Changing the interchanges: How a Wayne State alumnus is making roads safer
With Americans logging more vehicle miles than ever before, transportation engineers are reimagining interchange design on U.S. roadways. Most of the traditional configurations were built more than 60 years ago at a time when traffic volumes were much lower and driving customs were different. Motorists in the U.S. drove 3.21 trillion miles in 2018, an increase of nearly 350% compared to 1960.
This growth in traffic, coupled with the fact that more than half of all crashes resulting in injury or death occur at or near an intersection, precipitates the need for alternatives such as diverging diamond interchanges (DDIs), a design that eliminates the conflict between left turns and opposing traffic, thereby maintaining traffic flow.
Amir M. Molan, a postdoctoral researcher at the University of Wyoming who earned his Ph.D. from Wayne State University in 2017, is committed to analyzing intersection safety and serviceability while developing new designs to improve transportation infrastructure.
One of Molan's doctoral research papers - written in collaboration with Joseph E. Hummer, a former professor of civil and environmental engineering at Wayne State currently serving as an administrator for the North Carolina Department of Transportation - was selected as the best paper of 2018 by the ASCE Journal of Transportation Engineering. Molan received the award on June 11, 2019, during the ASCE International Conference on Transportation and Development in Virginia.
For this project, Molan and Hummer evaluated the traffic performance of two new service interchanges to determine if they were appropriate substitutes for four existing designs. They ran simulations on a synchronized design, a variation of the superstreet intersection which itself is a variation of the "Michigan left," and an adaptation of a recently constructed interchange in Milwaukee - dubbed the "Milwaukee B" in this study - that bears similarity to a parclo B design, a popular freeway-to-arterial layout.
Over 1,000 simulation scenarios modeled the traffic operation of the interchanges in different traffic conditions. Real travel times were collected using probe vehicle data that compared well to simulation outputs.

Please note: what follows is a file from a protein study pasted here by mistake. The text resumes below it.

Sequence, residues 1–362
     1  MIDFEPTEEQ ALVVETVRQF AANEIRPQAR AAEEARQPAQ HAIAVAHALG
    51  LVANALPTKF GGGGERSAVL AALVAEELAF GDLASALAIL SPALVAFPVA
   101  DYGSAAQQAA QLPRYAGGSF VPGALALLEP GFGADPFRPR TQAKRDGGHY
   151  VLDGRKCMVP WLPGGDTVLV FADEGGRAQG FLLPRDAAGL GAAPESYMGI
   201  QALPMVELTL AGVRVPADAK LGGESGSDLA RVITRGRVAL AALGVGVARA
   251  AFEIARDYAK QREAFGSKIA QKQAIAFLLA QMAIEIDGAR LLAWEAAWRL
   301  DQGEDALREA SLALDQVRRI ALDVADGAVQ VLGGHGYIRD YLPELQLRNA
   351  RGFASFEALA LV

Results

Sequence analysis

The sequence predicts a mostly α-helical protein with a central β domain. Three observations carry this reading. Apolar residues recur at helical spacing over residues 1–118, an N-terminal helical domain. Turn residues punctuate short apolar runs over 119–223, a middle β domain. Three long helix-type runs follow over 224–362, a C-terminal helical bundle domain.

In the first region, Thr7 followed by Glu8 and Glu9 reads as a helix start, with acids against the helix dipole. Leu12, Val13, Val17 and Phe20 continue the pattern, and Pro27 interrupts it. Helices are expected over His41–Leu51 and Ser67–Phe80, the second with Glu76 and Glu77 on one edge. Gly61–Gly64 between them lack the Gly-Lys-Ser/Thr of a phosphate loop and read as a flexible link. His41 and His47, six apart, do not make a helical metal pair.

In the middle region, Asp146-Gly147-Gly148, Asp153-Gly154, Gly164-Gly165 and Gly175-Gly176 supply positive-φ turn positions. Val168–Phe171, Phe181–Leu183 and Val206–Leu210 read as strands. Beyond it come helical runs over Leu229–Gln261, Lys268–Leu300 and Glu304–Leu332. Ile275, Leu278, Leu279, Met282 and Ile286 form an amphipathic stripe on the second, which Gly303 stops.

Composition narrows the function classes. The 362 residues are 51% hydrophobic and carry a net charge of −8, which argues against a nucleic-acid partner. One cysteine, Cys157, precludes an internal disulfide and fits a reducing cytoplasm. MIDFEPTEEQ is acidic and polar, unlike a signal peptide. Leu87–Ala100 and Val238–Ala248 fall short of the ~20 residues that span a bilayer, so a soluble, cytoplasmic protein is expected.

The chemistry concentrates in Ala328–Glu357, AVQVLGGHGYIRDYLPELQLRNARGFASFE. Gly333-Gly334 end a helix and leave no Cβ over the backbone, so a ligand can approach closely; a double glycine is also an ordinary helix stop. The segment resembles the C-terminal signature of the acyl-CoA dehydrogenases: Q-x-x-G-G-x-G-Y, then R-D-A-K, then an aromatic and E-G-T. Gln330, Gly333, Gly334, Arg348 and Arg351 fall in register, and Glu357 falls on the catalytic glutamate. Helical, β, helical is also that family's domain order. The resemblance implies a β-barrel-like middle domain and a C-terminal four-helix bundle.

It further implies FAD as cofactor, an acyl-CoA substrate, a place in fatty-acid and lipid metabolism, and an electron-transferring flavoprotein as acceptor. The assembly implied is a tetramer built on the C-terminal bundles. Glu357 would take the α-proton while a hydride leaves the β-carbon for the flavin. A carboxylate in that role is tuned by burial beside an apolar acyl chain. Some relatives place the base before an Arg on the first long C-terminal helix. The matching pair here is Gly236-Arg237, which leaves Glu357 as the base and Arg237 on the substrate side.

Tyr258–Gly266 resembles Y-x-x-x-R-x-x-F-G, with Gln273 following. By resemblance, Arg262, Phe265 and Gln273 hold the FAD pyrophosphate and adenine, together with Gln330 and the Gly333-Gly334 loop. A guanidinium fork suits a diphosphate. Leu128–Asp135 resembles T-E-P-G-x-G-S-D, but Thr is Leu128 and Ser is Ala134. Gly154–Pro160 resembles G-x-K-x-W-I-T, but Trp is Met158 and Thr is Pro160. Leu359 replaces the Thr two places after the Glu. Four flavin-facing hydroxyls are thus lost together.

"Based on the results, the Milwaukee B showed the best traffic operation among all the interchanges," said Molan. "The synchronized interchange looks promising as a substitute for a diamond interchange with dominant through traffic. The synchronized and diverging diamond interchanges showed almost the same results while handling moderate levels of turning volume."
Superstreets and DDIs are not yet common in the U.S., but nearly 100 DDIs have spread to at least 29 states since 2009. However, Molan envisions a solution that addresses certain limitations of DDIs.
"While the DDI does well in efficiently moving large left-turn demands, it is not the best design for through traffic or pedestrians," said Molan.
Molan recently invented a new design called a super DDI (super diverging diamond interchange), which combines features of both superstreets and DDIs but results in lower traffic volumes at conflict points and removes the DDIs' free-flowing pedestrian crossings. The results were published in another paper by Molan and Hummer.
In simulation testing, the Super DDI reduced the number of conflicting interactions by up to 63% compared to a traditional DDI design. Pedestrians were also projected to experience a shorter waiting time at traffic signals.
"To date, Dr. Hummer and I have received much positive feedback from transportation professionals about the Super DDI," said Molan. "We hope that the design will save lives and prevent injuries one day soon."
Molan came to the U.S. from Tehran, Iran, in the fall of 2014 to pursue his doctorate from Wayne State. He left Detroit in 2017, but looks back fondly at his time in the city not only as a prime locale for transportation research, but also as a multicultural community, and considers Detroit to be a second home after Tehran.
"I am glad that I studied at Wayne State University with high-level faculty members like Professor Hummer, a leader in alternative design for intersections and interchanges who looks creatively and differently at his field," said Molan. "I learned a lot and had many great experiences."